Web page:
This section is from the book "Nature's Garden", by Neltje Blanchan. Also available from Amazon: Nature's Garden; An Aid To Knowledge Of Our Wild Flowers And Their Insect Visitors.
Flowers - Straw color or greenish yellow, less than 1 in. long, 3 to 6 nodding on slender pedicels from the summit of a leafless scape 6 to 15 in. tall. Perianth of 6 spreading divisions, the 6 stamens attached; style, 3-lobed. Leaves: Dark, glossy, large, oval to oblong, 2 to 5 (usually 3), sheathing at the base.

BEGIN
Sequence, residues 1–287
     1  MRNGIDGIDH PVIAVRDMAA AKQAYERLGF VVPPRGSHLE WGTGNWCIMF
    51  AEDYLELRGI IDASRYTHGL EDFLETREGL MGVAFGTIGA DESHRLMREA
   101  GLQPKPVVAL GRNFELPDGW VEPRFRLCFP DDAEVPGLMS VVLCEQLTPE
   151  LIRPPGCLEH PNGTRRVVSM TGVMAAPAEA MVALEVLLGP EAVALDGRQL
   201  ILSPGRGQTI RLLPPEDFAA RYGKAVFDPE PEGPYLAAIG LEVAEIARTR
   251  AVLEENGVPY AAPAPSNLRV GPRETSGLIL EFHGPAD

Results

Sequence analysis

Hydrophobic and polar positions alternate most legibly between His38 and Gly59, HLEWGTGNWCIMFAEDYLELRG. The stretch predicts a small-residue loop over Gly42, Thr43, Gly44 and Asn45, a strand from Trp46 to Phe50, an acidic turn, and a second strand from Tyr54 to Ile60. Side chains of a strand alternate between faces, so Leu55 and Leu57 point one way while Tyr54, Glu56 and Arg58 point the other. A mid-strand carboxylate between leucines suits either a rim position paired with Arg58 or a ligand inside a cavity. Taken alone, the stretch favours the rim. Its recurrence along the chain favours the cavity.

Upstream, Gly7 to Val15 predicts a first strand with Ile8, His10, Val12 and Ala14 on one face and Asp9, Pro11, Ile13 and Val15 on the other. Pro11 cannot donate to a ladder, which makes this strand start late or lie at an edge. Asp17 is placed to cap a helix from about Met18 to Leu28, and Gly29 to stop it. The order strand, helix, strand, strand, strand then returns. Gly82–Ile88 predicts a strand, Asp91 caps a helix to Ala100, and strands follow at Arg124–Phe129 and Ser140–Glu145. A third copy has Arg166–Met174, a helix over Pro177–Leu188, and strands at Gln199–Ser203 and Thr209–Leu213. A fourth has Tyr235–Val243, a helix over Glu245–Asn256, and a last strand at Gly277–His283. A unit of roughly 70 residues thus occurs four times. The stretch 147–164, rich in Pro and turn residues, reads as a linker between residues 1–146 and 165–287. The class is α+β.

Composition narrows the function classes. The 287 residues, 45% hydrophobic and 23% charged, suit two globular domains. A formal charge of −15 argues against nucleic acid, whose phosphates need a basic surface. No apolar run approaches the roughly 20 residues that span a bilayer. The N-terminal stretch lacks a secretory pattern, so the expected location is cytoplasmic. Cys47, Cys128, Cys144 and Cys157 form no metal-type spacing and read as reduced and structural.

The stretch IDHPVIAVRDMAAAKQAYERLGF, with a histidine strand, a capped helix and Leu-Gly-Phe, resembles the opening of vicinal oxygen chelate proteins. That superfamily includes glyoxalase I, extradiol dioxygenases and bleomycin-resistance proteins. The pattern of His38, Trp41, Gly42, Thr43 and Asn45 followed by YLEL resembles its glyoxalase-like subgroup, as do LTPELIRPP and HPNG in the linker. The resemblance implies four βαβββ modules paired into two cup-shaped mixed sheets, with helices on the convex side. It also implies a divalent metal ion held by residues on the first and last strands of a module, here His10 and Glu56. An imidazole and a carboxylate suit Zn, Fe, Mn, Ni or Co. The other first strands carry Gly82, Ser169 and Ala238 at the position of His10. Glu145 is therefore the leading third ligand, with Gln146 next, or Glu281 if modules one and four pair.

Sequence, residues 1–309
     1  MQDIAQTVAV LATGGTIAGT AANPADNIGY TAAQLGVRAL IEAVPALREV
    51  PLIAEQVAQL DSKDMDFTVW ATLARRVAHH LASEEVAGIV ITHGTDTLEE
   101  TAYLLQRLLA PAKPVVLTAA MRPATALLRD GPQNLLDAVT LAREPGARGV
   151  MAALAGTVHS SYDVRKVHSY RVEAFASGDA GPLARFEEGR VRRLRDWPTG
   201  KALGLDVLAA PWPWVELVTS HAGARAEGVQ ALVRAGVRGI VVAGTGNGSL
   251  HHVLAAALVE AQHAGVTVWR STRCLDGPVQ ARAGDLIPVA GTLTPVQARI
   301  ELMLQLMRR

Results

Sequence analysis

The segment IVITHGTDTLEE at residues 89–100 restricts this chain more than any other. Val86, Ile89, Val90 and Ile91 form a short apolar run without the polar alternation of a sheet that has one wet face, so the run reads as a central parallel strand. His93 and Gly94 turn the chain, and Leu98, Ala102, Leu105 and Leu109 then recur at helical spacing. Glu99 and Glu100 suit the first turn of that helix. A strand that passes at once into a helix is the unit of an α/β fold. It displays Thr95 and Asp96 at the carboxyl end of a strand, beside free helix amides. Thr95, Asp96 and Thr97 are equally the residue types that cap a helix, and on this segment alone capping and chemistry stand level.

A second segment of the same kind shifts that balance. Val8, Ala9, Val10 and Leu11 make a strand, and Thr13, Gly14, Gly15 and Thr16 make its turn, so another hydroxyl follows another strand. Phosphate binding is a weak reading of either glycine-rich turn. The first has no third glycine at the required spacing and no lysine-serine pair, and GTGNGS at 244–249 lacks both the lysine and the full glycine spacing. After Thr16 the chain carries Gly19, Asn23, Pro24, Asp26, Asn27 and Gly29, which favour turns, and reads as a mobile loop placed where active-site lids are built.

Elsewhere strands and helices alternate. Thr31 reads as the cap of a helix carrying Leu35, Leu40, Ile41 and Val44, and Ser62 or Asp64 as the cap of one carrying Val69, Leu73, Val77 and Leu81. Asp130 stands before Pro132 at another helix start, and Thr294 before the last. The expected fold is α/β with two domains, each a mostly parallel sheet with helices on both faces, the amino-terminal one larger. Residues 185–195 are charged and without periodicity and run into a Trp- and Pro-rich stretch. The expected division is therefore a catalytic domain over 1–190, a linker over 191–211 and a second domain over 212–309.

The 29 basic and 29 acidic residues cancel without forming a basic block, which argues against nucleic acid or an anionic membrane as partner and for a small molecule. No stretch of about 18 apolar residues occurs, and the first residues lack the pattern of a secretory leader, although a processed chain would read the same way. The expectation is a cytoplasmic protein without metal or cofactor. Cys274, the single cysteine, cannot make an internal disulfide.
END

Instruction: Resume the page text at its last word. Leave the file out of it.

To name canals, bridges, city thoroughfares, booming factory towns after De Witt Clinton seems to many appropriate enough; but why a shy little woodland flower? As fitly might a wee white violet carry down the name of Theodore Roosevelt to posterity! "Gray should not have named the flower from the Governor of New York," complains Thoreau. "What is he to the lovers of flowers in Massachusetts? If named after a man, it must be a man of flowers." So completely has Clinton, the practical man of affairs, obliterated Clinton, the naturalist, from the popular mind, that, were it not for this plant keeping his memory green, we should be in danger of forgetting the weary, overworked governor, fleeing from care to the woods and fields; pursuing in the open air the study which above all others delighted and refreshed him; revealing in every leisure momenta too-often forgotten side of his many-sided greatness.